Wynkyn de Worde

was the first afsistant, and successor of Caxton. He was born in the duke­dom of Lorraine, and became a denizen of England in 1496. Throughout the whole range of our ancient typographers, there is scarcely one whose memory beams with greater effulgence than that of Wynkyn de Worde: he gained this high distinction not only from the number of his publications, but also from the typographical excellence which they ex­hibit. On the death of Caxton, he successfully practised the art of printing on his own account in his master’s house. In this office he appears to have continued until the year 1499, when he removed to the “sign of the Golden Sun, in the parish of St. Bride, in the Fletestrete, London,” He does not appear to have left this neighbourhood, as in his will he directs his body to be buried in the parochial church of St. Bride, Fleet Street, before the high altar of St. Katharine. He died in 1534.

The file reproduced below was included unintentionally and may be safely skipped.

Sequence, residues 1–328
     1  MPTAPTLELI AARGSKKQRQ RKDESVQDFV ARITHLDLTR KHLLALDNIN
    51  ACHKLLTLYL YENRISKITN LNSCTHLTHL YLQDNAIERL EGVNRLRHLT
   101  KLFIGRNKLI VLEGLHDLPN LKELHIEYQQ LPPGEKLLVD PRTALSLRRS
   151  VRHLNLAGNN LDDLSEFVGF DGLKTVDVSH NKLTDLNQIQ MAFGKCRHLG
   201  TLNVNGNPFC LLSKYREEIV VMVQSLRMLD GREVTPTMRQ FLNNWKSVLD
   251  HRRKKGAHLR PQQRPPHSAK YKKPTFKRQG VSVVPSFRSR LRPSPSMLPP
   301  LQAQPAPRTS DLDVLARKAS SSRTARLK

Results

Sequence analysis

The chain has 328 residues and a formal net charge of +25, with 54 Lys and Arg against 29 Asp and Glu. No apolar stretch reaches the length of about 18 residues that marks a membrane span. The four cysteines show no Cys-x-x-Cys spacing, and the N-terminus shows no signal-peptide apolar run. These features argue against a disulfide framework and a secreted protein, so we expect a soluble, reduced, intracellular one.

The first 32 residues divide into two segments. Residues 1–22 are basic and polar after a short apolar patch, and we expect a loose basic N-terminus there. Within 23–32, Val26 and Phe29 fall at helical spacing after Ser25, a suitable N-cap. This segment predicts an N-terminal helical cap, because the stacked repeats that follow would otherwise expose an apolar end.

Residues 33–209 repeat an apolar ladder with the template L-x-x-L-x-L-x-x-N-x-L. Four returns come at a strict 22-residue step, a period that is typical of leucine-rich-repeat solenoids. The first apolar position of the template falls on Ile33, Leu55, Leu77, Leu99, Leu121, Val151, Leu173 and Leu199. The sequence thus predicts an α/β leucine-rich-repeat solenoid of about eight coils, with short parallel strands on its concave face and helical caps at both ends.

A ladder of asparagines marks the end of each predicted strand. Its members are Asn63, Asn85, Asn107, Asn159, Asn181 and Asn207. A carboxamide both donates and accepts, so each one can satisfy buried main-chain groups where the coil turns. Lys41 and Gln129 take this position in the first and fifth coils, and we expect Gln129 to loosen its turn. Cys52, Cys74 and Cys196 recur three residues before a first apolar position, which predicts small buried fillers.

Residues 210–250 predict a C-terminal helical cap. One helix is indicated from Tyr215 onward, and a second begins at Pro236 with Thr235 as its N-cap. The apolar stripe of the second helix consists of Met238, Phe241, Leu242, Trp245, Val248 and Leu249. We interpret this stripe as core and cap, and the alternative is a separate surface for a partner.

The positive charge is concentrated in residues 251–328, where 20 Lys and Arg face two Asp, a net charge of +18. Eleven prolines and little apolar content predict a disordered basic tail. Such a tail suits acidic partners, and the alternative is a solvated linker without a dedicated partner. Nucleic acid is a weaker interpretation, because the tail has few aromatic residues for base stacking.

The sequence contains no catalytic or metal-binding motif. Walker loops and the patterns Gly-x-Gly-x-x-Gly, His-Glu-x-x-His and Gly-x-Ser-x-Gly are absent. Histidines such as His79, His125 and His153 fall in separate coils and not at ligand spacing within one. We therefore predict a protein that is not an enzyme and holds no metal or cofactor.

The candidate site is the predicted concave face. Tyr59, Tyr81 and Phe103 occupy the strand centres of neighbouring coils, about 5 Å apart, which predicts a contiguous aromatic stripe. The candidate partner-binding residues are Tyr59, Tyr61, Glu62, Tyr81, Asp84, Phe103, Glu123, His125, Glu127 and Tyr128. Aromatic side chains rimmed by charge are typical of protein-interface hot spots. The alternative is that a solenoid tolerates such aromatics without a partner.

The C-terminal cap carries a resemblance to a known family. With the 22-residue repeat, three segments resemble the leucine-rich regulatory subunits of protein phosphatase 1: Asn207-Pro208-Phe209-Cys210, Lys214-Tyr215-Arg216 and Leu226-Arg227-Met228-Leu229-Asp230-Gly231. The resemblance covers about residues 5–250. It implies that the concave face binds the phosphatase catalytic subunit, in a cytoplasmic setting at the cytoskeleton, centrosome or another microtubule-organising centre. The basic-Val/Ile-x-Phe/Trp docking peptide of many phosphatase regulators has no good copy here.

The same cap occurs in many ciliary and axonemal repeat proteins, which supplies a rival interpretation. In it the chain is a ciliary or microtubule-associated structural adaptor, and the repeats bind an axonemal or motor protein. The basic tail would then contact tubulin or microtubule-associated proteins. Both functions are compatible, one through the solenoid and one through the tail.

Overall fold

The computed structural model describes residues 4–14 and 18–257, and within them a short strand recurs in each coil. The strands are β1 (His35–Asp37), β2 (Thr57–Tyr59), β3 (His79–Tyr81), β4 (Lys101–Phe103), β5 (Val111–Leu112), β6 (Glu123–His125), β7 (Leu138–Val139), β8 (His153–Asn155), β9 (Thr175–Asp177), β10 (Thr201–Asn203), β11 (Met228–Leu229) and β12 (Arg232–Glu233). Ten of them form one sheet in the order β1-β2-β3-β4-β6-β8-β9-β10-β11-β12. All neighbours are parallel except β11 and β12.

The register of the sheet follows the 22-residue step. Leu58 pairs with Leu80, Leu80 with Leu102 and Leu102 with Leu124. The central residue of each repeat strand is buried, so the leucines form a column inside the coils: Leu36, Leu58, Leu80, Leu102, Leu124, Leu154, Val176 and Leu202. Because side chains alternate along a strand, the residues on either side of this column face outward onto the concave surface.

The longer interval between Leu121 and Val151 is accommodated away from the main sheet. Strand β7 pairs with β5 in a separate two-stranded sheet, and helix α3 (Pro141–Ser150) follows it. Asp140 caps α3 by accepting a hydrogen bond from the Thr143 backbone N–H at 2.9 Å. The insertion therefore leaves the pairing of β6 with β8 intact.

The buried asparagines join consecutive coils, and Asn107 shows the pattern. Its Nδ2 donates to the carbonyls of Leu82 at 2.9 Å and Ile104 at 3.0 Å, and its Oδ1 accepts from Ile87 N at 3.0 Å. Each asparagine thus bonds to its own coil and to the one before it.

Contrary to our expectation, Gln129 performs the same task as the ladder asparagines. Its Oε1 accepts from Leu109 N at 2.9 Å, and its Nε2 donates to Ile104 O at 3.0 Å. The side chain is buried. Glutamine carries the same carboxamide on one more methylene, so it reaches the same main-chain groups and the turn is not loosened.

Taken from Gesta Typographica by Chas. Jacobi, 1897, page 33.

Vignette

*

Classical Names of Towns and Cities

Foolscap

Joha Baptist Bodoni

The Mazarine Bible.

John Bagford

Printing was introduced into Scotland

William Caxton

The First Edition of the New Testament in Greek

Aldus Manutius

Italic Type

Vignette

Wynkyn de Worde

Classical Names of Towns and Cities

The first almanack